HME Retail Sales

HME Retail Avengers

Don your cape and don't be afraid to take the leap from retail novice to cash sales superhero status.

HME Retail Cash SalesHME providers are undergoing a radical transformation. As declining Medicare reimbursement crushes their bottom line like a super villain’s trap, many providers are harnessing retail sales to give their bottom lines a super-powered shot of newfound revenue. And as a result their business strategies are morphing in new and unexpected ways. And those missions are in sync with the marketplace — there are many reasons for providers to be excited about implementing a retail strategy, including a growing customer base from an aging population that is paying cash for products and services to meet their own healthcare needs.

But being a successful HME provider retailer in a traditional and challenging reimbursement industry takes a herculean effort to go from basic retail to creating a model that brings in a significant portion of revenue. Even so, with a growing market segment, more providers are setting out on this path.

“In the last few months, we received incrementally more inquiries from members asking about retail, asking us to visit to help them set up retail and looking for the road map to start and implement retail,” said Rob Baumhover, director of retail for VGM Retail Services. “In addition, there is a trend toward high traffic, stand-alone cash locations, separate from the original DME business. But typically what providers have done is to start slowly, adding retail in response to customers asking for specific items or carrying items in the main traditional categories like bath safety.”

Todd Blockinger, senior director of sales for The MED Group says his organization is also seeing an increasing number of members either looking at starting retail operations or adding resources to their current retail efforts.

“Companies are looking at the demographics of the U.S. population and the current state of health care in general,” he adds. “The take away is that an increasing number of people are in need of retail medical equipment, and are willing to pay cash, foregoing insurance requirements and activities.”

What’s Hot and Why

Understanding the motivations of the customer is paramount to increasing sales. Blockinger reported that The MED Group is seeing a substantial growth in sales of lift chairs and power mobility.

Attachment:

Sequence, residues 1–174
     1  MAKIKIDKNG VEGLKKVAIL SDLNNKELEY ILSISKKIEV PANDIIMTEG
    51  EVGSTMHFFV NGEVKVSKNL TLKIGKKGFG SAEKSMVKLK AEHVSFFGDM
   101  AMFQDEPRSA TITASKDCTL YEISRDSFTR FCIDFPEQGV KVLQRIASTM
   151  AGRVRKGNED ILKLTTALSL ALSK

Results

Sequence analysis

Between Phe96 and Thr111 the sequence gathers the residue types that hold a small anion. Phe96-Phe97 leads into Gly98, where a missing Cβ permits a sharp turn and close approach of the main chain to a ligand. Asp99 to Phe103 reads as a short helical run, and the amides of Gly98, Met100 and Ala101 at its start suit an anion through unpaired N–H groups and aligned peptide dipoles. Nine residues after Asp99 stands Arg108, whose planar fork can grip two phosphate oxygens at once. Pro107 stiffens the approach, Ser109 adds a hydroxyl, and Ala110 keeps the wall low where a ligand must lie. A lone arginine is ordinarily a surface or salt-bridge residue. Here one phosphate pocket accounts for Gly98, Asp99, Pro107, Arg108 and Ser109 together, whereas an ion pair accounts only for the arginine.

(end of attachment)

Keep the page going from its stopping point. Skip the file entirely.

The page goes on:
“Patients and their families are focusing on enhanced patient care,” he explains. “Because of this, products that improve comfort, convenience and quality of life are key drivers in the growth of retail sales.”

Randy Walsh, vice president of Jazzy and retail mobility sales for Pride Mobility Products, adds, “The travel mobility product class of scooters continues as a huge retail epicenter for consumers, as do lift chairs. Both of these product classes tie so obviously into quality-of-life, at retail price points within the realm of consumer goods, that consumers are drawn to them. Additionally, related products to core mobility, such as vehicle lifts and personal lifts, are always increasing in retail sales. And, with more and more retirees remaining active in golf communities and such, we see a trend toward larger, high-performance scooters as modes of community-use mobility.”

Taking the Leap

But retail isn’t a slam-dunk. Providers must prepare for obstacles and new learning curves. The biggest retail challenge holding providers back from being cash sales superheroes is a lack of a business plan, according to Maria Claire Markusen, director of development and [operations of VGM Retail Services. Too many retailers buy products, place them on the showroom floor and simply hope for the best. To grow retail revenue, you need a roadmap that gets you from the basics to superhero status. And although business planning will vary by provider, Markusen offers the following steps to help in creating a basic plan:

  • Identify a retail champion for the organization.
  • Analyze your current customer base and respond to missing needs and opportunities.
  • Analyze your market demographics and respond to missing needs and opportunities.
  • Analyze your competition and fill in what they are missing.
  • Define the number of daily transactions at what amount is needed to make a profit.
  • Create a budget to include revenue projections, and operational and startup expenses.
  • Create and manage an 18-month marketing plan to drive traffic.
  • Analyze performance daily and adjust as necessary.

Once you know how you are going to take your retail business where you want it to go, you have to take your employees along for the ride.

“Some providers still think the person walking in the door will have a prescription for a particular product,” Pride’s Walsh says. “Retail providers need to change this mindset and look at that person as a retail selling opportunity.

“Providers shouldn’t overlook the opportunity to incentivize sales staff by offering a commission on cash products and accessory sales,” he adds. “Many providers have a preconceived notion of what they feel a consumer will spend. Providers need to change their funding mind set to a cash purchase mind set, and recognize that consumers are willing to pay for products that will allow them to age at home.”

This article originally appeared in the August 2015 issue of HME Business.

About the Author

Joseph Duffy is a freelance writer and marketing consultant, and a regular contributor to HME Business and DME Pharmacy. He can be reached via e-mail at

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